Dale Gallon - Last Promise

The Last Promise by Dale Gallon

A Secret Civil War Engagement

At the time that he was killed during the first day of the battle, John Reynolds was secretly engaged to a woman by the name of Kate Hewett. His family did not even know about Kate. But when Reynolds’ body was returned home to Lancaster, PA., it was discovered that he was wearing her Catholic medal and a ring made up of two clasped hands with the words “Dear Kate” inscribed inside. 

The reason for the secret engagement was that Reynolds was a Protestant, and Kate was a Catholic and crossing line of faith for love was unacceptable in the 19th century. Kate was from New York and the two had met in San Francisco and planned to marry after the war. When news got out that Reynolds was dead, Kate could no longer keep the secret and felt she had to see her beloved John one more time and came to the family home, surprising his family. 

Reynolds’ sister, Jennie Reynolds Gildersleeve, wrote to her brother Will, a captain in the United States Navy, “She seems to be a very superior person. We all regret that he [John] had not told some of us about her, and that we had [not] known her, yet are happy she came and had all the comfort we could offer her.”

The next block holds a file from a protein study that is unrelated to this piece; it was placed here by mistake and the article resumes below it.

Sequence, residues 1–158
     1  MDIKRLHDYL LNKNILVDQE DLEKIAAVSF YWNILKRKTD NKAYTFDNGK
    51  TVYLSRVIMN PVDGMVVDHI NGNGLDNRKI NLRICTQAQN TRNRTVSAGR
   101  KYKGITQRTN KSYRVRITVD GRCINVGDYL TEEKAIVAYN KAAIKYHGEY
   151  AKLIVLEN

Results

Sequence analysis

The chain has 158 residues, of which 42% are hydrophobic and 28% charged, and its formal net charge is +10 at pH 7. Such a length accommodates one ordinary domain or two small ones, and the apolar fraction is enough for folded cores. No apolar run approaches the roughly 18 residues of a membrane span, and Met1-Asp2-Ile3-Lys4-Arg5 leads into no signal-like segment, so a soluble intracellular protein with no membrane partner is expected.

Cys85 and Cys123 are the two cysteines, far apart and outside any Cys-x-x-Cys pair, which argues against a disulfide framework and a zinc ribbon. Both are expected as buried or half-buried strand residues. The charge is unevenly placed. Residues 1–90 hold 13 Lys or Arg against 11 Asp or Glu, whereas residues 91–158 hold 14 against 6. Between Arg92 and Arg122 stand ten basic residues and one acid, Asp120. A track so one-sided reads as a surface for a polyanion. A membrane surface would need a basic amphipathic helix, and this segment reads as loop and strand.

Prior to the war, John and Kate made a pact that if he should die, that she would join a convent and become a nun. Eight days after Reynolds’ burial in Lancaster, Kate Hewitt applied for admission to the Sisters of Charity Convent in Emmitsburg, Maryland. Changing her name to Sister Hilegartis, she then moved to Albany, New York, where she taught at a school operated by the Sisters of Charity.

On September 3, 1868, Kate left the Community of the Sisters of Charity. She gave up the Catholic faith and returned to her hometown, Stillwater, New York. Kate never married.Catherine Mary Hewitt died of pneumonia at Stillwater in 1895. She is buried in the Stillwater Union Cemetery. Her stone is an octagon, symbolic of rebirth and resurrection. The word’ Mizpah’ is carved on the stone; a Hebrew benediction meaning, ‘May God watch over you until we are together again.’

 

Subscribe to Teaching the Civil War Newsletter

Supplying you with tools, tips and resources for your classroom

You have Successfully Subscribed!